There have been many lessons from the past 18 months – many of them learned the hard way – but one of the things we’ve come to understand is a successful outcome heavily relies on having a shared goal, uniting people behind it and moving forward together. Things are more difficult, and success more elusive, if different parts of the one organisation, business, industry, community or even nation, have competing interests and goals, potentially muddying the messaging and slowing the overall take-up of what you’re trying to implement.
For agriculture, it has never been a more critical time to come together in the pursuit of common goals and a shared vision, as the industry faces a raft of domestic and global issues that must be addressed and harnessed as opportunities rather than become problems with potentially damaging outcomes. The Federal Government’s response to emissions reduction and the expectations of overseas markets; the ongoing recovery both here and abroad from the pandemic; trade challenges and the increasing complexity around establishing free trade agreements; a changing climate and the impact on weather events; transport issues around commodity exports; evolving consumer expectations … the list goes on.
But it’s not all bad news if the industry, through its leaders, take a ‘big picture’ approach to what’s good for the industry as a whole, rather than just what’s good for individual sectors, or individual parts of the overall supply chain. And this is something that’s important to acknowledge – agriculture is a big and complex beast. It’s not just farmers, it’s also suppliers and service providers, processors, small businesses and the communities in which they operate; paddock to plate as the expression goes. So, when we consider the structure and workability of this ‘big picture’ strategy, it must address the needs of all agriculture sector participants.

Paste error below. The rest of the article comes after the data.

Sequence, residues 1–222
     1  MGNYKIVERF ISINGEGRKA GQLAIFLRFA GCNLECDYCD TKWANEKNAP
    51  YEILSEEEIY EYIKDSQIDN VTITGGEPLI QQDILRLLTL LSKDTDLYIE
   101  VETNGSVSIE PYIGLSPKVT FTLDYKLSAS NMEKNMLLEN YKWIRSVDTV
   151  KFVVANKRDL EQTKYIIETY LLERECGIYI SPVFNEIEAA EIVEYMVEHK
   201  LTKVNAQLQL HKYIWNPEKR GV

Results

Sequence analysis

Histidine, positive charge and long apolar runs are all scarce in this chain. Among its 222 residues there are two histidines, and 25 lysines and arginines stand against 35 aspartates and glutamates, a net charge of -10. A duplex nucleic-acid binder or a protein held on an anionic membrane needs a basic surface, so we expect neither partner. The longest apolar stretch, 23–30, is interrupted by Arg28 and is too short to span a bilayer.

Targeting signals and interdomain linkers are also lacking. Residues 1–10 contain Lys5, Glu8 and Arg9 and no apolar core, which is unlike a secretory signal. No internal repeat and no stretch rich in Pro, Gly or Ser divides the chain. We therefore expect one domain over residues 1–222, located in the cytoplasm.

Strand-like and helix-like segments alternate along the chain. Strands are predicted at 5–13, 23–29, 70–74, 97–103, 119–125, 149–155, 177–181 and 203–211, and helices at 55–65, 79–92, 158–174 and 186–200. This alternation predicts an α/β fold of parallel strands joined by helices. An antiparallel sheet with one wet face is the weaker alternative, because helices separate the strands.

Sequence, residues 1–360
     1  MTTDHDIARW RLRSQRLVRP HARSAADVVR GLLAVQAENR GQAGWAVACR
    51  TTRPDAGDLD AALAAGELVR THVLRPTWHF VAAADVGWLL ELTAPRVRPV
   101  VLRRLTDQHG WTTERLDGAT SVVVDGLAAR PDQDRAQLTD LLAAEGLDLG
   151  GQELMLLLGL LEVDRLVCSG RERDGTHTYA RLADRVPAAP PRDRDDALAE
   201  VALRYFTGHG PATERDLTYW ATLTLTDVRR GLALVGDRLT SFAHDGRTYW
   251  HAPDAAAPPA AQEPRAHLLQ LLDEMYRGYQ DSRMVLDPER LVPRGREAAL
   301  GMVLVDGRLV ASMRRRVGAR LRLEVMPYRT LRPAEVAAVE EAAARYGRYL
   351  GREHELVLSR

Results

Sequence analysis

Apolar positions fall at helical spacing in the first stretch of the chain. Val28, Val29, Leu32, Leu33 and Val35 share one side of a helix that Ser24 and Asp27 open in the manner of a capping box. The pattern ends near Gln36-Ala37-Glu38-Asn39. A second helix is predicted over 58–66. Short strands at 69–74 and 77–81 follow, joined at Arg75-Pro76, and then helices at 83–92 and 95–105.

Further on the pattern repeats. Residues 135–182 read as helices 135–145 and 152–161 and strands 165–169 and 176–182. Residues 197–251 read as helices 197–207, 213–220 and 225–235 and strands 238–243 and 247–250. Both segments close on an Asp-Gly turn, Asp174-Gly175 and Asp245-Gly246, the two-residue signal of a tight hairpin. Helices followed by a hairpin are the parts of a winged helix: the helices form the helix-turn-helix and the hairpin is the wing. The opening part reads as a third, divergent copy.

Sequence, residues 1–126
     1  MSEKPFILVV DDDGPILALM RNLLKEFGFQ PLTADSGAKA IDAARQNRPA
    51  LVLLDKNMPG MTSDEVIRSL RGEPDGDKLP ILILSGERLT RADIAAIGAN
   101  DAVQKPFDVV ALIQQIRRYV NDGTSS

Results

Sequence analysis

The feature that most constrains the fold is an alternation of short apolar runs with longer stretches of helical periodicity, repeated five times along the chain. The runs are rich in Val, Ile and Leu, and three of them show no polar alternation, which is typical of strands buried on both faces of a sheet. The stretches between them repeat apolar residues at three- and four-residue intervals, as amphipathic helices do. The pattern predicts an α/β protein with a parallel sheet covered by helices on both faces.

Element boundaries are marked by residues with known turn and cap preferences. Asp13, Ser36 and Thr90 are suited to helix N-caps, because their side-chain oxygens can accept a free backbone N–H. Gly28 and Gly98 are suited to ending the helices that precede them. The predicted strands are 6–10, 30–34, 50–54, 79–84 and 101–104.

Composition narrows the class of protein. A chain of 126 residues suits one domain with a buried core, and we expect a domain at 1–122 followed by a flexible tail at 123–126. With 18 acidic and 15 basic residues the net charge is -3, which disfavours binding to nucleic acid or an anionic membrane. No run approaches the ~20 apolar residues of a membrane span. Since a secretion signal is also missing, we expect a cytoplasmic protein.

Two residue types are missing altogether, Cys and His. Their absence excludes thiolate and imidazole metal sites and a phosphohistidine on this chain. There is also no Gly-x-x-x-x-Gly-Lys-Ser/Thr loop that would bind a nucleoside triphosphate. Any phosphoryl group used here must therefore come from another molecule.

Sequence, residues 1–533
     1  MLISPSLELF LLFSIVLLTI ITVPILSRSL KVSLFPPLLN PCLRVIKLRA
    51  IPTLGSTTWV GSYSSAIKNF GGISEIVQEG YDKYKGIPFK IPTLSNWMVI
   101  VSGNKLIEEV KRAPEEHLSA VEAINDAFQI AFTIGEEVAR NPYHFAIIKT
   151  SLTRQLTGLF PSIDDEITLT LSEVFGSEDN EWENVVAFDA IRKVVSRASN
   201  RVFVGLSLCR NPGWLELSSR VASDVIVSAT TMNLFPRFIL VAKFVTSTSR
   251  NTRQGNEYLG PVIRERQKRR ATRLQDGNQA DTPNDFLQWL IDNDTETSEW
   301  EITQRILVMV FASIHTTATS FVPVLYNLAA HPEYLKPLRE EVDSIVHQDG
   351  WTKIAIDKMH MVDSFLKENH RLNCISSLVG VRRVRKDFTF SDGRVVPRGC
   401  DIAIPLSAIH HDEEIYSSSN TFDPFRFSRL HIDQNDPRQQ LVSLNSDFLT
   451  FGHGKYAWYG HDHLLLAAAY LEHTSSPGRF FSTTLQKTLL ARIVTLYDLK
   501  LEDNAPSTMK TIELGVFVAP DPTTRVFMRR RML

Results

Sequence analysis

There’s no doubt certain sectors of the industry have done a great job of ‘selling’ themselves to consumers, with many key takeaways when it comes to a whole-of-industry approach. But one thing that does stand out when we look at the success of certain sectors is the strength of leadership and the abilities of those leaders to unite individual stakeholders and have them ‘singing the same tune’ for the benefit of all. These individuals show a willingness to listen to new ideas, acknowledge there are always improvements that can be made in the way they engage and operate, and they can communicate the vision they have for the future. Effective leaders can successfully articulate how their decisions relate to the shared strategy, and successfully communicate it to their internal and external stakeholders. While not all parties will agree with the reasoning they can at least appreciate how the decision was made.
As such a diverse industry, if we follow an adversarial model where the interests of one compete with those of another, we will not, and cannot, move forward. Leaders with an appreciation for this shared vision, and who not only don’t shy away from big ideas, but actively encourage innovative and even provocative thinking, are what we need right now. The long-term strategic issues are those that will make the biggest difference to the future of Australian agriculture, and it will need influential and proactive leadership to change the conversation from competition between sectors, to one that acknowledges how much more can be achieved by working together.
For a more detailed look at this issue, please see Australian Farm Institute’s Spring Quarter edition of its Farm Policy Journal featuring Robbie’s story, ‘Putting a shared and united vision for Australian agriculture at the centre of advocacy models’.